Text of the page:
Cape Town - Sport24’s Herman Mostert highlights FIVE talking points after Round 1 of the 2018 Super Rugby competition:
1. Discipline issues at Newlands
It was no surprise when the season’s first yellow card went to a Jaguares player - fullback Joaquin Tuculet was sent to the sin-bin in the 26th minute of his side’s clash against the Stormers at Newlands.
The Argentine side’s discipline has left much to be desired since their introduction into the tournament in 2016 and the happenings at Newlands on Saturday suggested that not much will change this season.
The Stormers were themselves guilty of giving away silly penalties and hooker Ramone Samuels’ 64th minute yellow card almost cost them the game.
Overall, the Stormers conceded 13 penalties and the Jaguares 15, but what will be alarming to both coaches is the fact that several of these penalties were conceded near the respective trylines.
2. Is it ‘unfair’ to take a quick tap?
There was an interesting scenario early in the second half of the Stormers v Jaguares clash.
The Stormers were hot on the attack in the red zone and had a penalty advantage which went on for several phases.
They couldn’t force their way through, but referee Jaco Peyper played a long advantage which saw Stormers flyhalf Damian Willemse sprint towards the mark to take a quick tap.
However, the Stormers pivot was told by Peyper that he wasn’t allowed to take a quick tap because it would be “unfair”.
I was a bit puzzled as I’ve never heard a referee make such a call on a rugby field before, with SuperSport commentator Jean de Villiers at the time also questioning the call.
We’ve often witnessed referees stop players from taking quick taps if a player is not on the right spot - or if too much time has elapsed - but in this scenario Willemse was imminent with his intention.
I brought up the matter with retired referee Jonathan Kaplan, who said he “was not aware” of such a ruling.
It wasn’t a massive call in the outcome of the match, but nevertheless worth mentioning.
Overall, Peyper had a good game and he was spot on when he penalised Stormers reserve scrumhalf Justin Phillips who had retaliated after being shoved by a Jaguares player.
According to the laws, the retaliated player ends up the guilty party.
3. Scrum woes for Sharks
The foundation for the Lions’ 26-19 victory over the Sharks at Ellis Park was built on their domination at scrum time.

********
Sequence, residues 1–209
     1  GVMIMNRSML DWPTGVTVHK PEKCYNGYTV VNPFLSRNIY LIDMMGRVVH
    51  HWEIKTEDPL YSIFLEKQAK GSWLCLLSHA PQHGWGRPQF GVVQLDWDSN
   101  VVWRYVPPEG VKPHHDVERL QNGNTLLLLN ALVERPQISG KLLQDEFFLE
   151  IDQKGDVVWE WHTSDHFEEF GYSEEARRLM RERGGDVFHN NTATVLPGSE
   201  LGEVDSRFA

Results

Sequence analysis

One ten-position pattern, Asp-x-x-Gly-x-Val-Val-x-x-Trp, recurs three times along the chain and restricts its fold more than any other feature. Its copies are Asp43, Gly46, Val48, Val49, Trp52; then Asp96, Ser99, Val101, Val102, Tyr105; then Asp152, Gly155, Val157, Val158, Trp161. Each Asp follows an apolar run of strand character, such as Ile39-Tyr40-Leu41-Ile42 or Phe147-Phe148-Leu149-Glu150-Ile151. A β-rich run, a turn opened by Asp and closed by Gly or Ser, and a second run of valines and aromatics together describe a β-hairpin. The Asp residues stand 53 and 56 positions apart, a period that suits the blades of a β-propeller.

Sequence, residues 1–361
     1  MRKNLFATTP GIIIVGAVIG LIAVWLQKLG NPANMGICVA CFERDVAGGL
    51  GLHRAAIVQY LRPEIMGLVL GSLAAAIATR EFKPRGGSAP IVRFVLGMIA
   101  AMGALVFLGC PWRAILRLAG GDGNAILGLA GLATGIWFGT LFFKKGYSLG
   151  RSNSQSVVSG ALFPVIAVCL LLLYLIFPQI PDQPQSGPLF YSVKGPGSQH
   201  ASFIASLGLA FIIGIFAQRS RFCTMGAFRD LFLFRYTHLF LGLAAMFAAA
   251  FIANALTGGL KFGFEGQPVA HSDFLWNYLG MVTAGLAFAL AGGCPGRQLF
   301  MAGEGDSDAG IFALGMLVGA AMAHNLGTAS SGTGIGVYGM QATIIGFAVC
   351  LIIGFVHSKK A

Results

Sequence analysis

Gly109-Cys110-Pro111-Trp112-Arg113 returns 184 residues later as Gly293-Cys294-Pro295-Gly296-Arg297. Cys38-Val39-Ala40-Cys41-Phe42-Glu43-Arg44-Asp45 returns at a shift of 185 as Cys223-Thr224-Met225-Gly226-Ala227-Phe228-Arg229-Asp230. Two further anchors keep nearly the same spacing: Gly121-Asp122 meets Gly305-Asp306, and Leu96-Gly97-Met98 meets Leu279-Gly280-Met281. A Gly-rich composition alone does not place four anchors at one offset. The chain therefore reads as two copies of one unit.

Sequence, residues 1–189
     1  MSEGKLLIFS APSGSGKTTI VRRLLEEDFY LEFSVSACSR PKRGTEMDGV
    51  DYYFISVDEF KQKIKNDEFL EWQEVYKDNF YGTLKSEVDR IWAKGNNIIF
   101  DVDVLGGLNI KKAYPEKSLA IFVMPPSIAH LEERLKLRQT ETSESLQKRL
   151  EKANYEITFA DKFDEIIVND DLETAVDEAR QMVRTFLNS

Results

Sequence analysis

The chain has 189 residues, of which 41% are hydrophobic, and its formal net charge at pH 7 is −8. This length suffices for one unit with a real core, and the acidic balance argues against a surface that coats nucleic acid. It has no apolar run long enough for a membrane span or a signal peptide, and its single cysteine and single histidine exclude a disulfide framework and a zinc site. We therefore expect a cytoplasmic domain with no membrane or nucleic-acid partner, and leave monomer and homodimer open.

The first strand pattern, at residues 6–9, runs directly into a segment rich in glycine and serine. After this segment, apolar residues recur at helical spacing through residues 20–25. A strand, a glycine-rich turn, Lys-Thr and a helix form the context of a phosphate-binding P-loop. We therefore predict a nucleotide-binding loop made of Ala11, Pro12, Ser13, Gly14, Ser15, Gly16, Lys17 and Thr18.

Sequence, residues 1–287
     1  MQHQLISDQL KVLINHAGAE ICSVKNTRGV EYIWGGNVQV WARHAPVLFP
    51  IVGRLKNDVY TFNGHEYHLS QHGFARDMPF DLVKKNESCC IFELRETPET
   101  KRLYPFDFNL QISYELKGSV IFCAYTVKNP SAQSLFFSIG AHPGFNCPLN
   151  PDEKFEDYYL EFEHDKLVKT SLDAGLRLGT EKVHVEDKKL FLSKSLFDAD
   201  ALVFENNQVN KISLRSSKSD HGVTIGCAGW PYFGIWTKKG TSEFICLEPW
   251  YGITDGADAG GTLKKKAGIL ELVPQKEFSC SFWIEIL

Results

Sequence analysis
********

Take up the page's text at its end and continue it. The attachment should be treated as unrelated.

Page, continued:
From the get go, the Sharks scrum was under pressure and in the end they lost no fewer than six of their own scrums.
The Sharks’ problems during last year’s Currie Cup final against Western Province also started at scrum time and it’s clear they have lots to work on in this department.
Sharks props Juan Schoeman and Thomas du Toit were replaced by Tendai Mtawarira and John-Hubert Meyer at half-time and the substitutions proved to somewhat stabilise the Sharks scrum.
The Lions even conceded two scrum penalties of their own in the second period but overall still had the upper hand in this department.
From a Sharks point of view, it’s clear that Du Toit is still battling making the transition from loosehead to tighthead.
4. New find on the wing for Lions
Lions left wing Aphiwe Dyantyi, who scored a spectacular solo try on debut, was named man-of-the-match for his efforts.
He stepped up to the plate after injuries to Ruan Combrinck and Courtnall Skosan.
Dyantyi’s moment of brilliance in the 22nd minute, when he produced a strong run down the touchline before gathering his own grubber kick to score in the corner, will be a contender for try of the season.
It was remarkable to learn that Dyantyi had given up rugby for a while after being told he was too small at school.
But while at the University of Johannesburg he started playing hostel rugby again before being drafted into UJ’s Varsity Cup team, where he caught the eye of the Lions selectors.
5. Intriguing flyhalf battle
Sharks flyhalf Robert du Preez was a prominent figure throughout for the visitors. The big flyhalf’s willingness to take the ball on the gain line will get his team on the front foot more often than not - as was evident when he burst through the Lions defence for the game’s opening try.
Du Preez’s opposite number, Elton Jantjies, also marshalled the game well for most parts but both players will rue missing vital kicks at goal.
Jantjies, especially, lost his range completely in the second half. He missed a relatively easy conversion in the second half which would have stretched his team’s lead to 28-19. Then, in the 65th minute, I was surprised when Jantjies’ long-range effort from just inside the Sharks half did not have the legs.
Normally at altitude this distance would not prove a problem and when Jantjies missed a sitter in front of the posts in the 73rd minute it was clear he had lost his confidence.
What should have been a relatively comfortable win for the Lions, forced them to hang on for dear life at the end.
I’d say Du Preez just about edged the battle with Jantjies...